Sen. Bernie Sanders, I-Vt., said President Trump's "days are numbered" for ignoring climate change in his State of the Union address and supporting fossil fuels over cleaner sources of energy.
"What we are about is telling Donald Trump and the Koch brothers, and all of these people, that their days are numbered, fossil fuel’s days are numbered, we are going to transform our energy system," Sanders said in his opening address at a climate summit Wednesday in Washington, D.C., hosted by the anti-fossil fuel activist group 350.org and its founder Bill McKibben.
The summit was used as both a response to the Trump agenda and the president's Tuesday night address, as well as to initiate a nationwide campaign called "Fossil Free" aimed at ending all fossil fuel use.
“What an outrage," Sanders said. Trump “somehow forgot to mention the words climate change” in his first State of the Union address, he said.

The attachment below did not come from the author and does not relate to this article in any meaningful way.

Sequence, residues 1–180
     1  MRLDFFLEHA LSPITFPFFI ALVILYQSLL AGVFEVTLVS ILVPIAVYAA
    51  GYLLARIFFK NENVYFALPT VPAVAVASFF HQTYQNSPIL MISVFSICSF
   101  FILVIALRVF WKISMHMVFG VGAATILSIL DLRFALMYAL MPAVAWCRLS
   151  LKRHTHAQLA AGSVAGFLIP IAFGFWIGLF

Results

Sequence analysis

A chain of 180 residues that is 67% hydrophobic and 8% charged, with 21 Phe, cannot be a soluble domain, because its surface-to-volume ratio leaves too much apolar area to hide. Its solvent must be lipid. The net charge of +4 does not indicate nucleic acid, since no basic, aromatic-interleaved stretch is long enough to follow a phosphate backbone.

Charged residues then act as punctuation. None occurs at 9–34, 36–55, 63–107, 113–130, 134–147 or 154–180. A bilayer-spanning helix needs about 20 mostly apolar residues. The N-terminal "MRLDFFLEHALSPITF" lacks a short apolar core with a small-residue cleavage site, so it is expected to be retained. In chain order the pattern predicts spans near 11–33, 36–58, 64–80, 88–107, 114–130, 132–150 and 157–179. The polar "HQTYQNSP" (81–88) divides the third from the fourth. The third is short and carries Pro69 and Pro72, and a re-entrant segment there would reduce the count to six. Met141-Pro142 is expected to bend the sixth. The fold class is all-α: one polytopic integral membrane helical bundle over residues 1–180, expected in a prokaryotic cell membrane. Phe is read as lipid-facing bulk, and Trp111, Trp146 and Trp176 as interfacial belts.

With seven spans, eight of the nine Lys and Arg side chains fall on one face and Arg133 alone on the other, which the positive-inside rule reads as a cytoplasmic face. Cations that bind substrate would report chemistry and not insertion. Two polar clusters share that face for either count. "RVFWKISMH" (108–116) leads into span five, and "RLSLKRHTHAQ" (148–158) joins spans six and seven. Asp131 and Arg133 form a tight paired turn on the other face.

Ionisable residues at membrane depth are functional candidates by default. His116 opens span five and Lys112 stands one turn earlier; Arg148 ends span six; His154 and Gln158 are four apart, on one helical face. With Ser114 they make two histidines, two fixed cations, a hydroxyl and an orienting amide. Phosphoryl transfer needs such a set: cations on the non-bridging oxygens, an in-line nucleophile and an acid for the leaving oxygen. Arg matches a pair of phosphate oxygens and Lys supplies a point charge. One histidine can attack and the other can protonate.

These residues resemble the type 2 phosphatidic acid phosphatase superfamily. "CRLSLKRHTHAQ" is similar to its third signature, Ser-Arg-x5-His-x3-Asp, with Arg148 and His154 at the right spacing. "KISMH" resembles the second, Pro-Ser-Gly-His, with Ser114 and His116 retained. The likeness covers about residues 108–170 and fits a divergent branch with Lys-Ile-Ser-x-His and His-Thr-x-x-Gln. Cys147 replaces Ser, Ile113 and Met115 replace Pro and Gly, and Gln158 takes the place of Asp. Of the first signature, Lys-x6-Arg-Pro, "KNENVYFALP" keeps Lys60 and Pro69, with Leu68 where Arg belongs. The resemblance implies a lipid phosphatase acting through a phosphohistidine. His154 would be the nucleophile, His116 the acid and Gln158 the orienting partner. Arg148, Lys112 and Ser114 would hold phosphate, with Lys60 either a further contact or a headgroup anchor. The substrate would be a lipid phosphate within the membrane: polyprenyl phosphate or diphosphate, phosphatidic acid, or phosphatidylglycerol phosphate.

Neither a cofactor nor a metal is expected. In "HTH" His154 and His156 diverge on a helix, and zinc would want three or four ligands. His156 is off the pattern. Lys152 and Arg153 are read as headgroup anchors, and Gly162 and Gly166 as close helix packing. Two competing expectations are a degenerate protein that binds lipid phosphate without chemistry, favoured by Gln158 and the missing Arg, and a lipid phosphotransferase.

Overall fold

“We should not be surprised, Donald Trump, one of the great scientists of our time, has determined after years and years of exhaustive study that climate change is a ‘hoax' brought to us from China,” Sanders quipped.
Sanders renewed his call for politicians to not take money from fossil fuel companies and contributors, underscoring that the political network overseen by the Koch brothers has vowed to inject nearly $400 million into the upcoming midterm elections.
He said that is a huge sum of influence coming from just a "handful of billionaires," which makes the upcoming elections a fight for “nothing less than the future of this planet.”
The summit emphasized the importance of resisting the fossil fuel industry and supporting a move to transition to 100 percent renewable energy. McKibben called on the more than 30 groups at the "resistance" conference to oppose fossil fuel projects.
He said that Trump will not impose a "carbon tax" anytime soon, but that the groups' resistance to fossil fuel projects will act as a tax on carbon dioxide pollution.
Many scientists blame carbon dioxide for causing the Earth's temperature to rise, causing more severe weather, drought, and flooding.